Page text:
Barakissa Gakou’s new puppy was playing at her feet while we were speaking, and she loves the fact that flexibility at TE Connectivity means she doesn’t need to leave him at home alone all day while he’s settling in.
We spoke about TE’s commitment to diversity, Black Lives Matter movement and how to be an ally.
Landing on her feet
Barakissa connected with TE Connectivity through the National Society of Black Engineers (NSBE). NSBE were hosting an industry conference and TE sponsored Barakissa (she had to apply for that). Part of the package was meeting with some of TE’s senior leaders, including the CEO. After hearing her story and being impressed by her passion, Barakissa was offered an internship.
Her first internship was in 2018 in Engineering. At the end of that, “a leader approached me and asked what I wanted to do next, and I was amazed. That’s something that happens a lot at TE, because they are so big on people development and talent growth.”
He suggested she try supply chain, which is how she landed her second internship the following year. At the end of that program, Barakissa reached out to another leader which led to her joining the rotation program.
Now, she’s part of a two-year accelerated talent development program that combines intensive job training, rotations across business units, locations and roles, and exposure to leadership.
“We have at least eight different rotations in two years, with different teams learning about their roles and helping them out. We also grow the experience we need. I’ve been in three teams so far. I don’t have a favorite because they were all so different.”
Her experience started in the Global Application Tooling team developing a test fixture – which is a machine that is consistently testing a piece of a bigger machine. Then she joined the Automotive team in terminals and connectors, designing and prototyping new connectors. Her current area is Corporate Technology, overseeing Engineering solutions for the company’s Business units.
Barakissa doesn’t yet know what she wants to do at the end of the two-year rotation. She’s still learning, but she knows TE will support her in finding something exciting and challenging.
The only way is up!
TE make sure they attract and retain the brightest people, and they want women to know the sky is the limit for them at TE! For Barakissa;
“I do see there are opportunities open to me. The fact I’m a woman or a person of color doesn’t change the outcome. There are so many Employee Resource Groups and initiatives to get involved in positions of leadership. I could see myself moving into one of those roles when I am ready.”
Barakissa is in the Women’s Network, where they have speakers on topics like how to set yourself apart in a male-dominated industry.
“I really enjoy attending those meetings. You feel like you’re not the only one, and it makes you feel so empowered.”
When looking at job opportunities, Barakissa said it’s important to research the number of female leaders, and check if the company is as diverse as they say. There were a number of talks about diversity at TE when she initially joined which got Barakissa really excited.
We thought reaching out to senior leaders was a brave move, but Barakissa didn’t think so. The leaders are all approachable, open to sharing their experiences and developing interested people.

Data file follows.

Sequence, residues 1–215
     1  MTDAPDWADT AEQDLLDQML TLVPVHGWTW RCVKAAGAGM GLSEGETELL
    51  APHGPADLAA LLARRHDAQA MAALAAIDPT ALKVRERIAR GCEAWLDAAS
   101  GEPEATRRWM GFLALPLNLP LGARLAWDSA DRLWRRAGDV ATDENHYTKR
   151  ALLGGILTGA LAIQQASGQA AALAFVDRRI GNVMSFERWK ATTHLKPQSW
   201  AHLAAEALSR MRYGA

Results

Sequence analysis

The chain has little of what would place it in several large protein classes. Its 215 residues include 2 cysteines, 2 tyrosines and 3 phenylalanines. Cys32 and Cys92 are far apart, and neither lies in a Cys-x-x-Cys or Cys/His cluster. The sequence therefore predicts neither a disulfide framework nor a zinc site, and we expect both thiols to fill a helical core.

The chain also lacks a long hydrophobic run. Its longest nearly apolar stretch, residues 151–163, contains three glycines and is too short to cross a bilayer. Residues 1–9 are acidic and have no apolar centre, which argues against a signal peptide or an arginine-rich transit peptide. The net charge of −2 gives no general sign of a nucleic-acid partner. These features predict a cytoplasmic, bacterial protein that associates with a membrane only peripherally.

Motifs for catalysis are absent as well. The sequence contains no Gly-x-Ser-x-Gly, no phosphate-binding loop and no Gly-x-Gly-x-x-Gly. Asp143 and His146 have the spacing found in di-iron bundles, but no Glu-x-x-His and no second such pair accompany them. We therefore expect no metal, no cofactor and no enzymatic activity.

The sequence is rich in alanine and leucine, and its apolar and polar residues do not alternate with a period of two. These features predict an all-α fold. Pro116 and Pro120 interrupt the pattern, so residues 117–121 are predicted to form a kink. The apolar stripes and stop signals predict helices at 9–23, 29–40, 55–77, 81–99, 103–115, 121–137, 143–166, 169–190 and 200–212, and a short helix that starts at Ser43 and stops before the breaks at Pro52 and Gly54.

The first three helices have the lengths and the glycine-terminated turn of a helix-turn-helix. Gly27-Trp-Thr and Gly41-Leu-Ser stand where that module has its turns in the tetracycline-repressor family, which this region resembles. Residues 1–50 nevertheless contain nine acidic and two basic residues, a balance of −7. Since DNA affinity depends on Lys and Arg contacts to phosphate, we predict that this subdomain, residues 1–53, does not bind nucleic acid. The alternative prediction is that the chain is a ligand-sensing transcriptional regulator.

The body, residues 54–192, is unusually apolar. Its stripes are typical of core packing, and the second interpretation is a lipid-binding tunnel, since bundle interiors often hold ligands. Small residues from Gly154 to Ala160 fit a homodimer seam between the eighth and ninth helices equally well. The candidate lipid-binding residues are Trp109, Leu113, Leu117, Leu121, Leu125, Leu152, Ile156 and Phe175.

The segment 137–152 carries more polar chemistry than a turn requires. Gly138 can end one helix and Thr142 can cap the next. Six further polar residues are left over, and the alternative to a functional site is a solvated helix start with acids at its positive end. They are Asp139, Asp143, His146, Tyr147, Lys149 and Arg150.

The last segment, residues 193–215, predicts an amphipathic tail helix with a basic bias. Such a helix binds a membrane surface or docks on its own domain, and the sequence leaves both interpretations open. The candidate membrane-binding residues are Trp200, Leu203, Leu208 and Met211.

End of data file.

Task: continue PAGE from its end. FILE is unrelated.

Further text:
Black Lives Matter and being an ally
She is also very active in the African Heritage (AH) Employee Resource Group (ERG), as a peer leader. She is originally from the Ivory Coast in West Africa.
“AH strives to enhance inclusion, engagement and development of employees of African Heritage globally. AH ERG is open and welcomes anyone who is interested, as do all the ERGs at TE.”
When George Floyd was killed, the Senior leaders at TE joined an African Heritage meeting where members were encouraged to express their feelings about the situation and ask the leaders questions.
Messages were sent from several leaders expressing their commitment to making their teams feel safe, welcome, respected and appreciated.
“Leadership is supportive of the ERG’s initiative. Sometimes you hear companies say they’re inclusive, but actually seeing it in action makes you trust the leadership.”
We asked Barakissa what companies and colleagues can do to support their Black friends and colleagues, and she offered a few suggestions:
- Acknowledge your biases. “We all have unconscious biases, acknowledging them is the first step to change.”
- Be a good listener. “Sympathize with others and try to understand what they are going through. Approach others, ask questions, see if they’re ok and how they feel about what’s going on.”
- Educate yourself and others. “Get educated about what’s going on in the world and around you regarding social injustice. Share your knowledge with others.”
- Take action. “Fight for equality and racial justice by breaking the silence and taking action every time there is injustice.”
When culture makes all the difference
TE is a supportive, welcoming environment, and Barakissa loves the flexibility there. She wanted to spend time with her new puppy – Loki, and her manager has said she only needs to be in the lab when she needs the equipment, and otherwise she can work from home.
“It doesn’t really matter [where you are] as long as you complete what you need to do on time. Work is flexible, Managers are also human, so they know that life happens.”
“The TE culture is welcoming and supportive of talent growth. There are many opportunities to grow and learn from so many resourceful and knowledgeable people. People will come to you and talk to you every day. As soon as you have one question, they would give you the answer to that question and more.”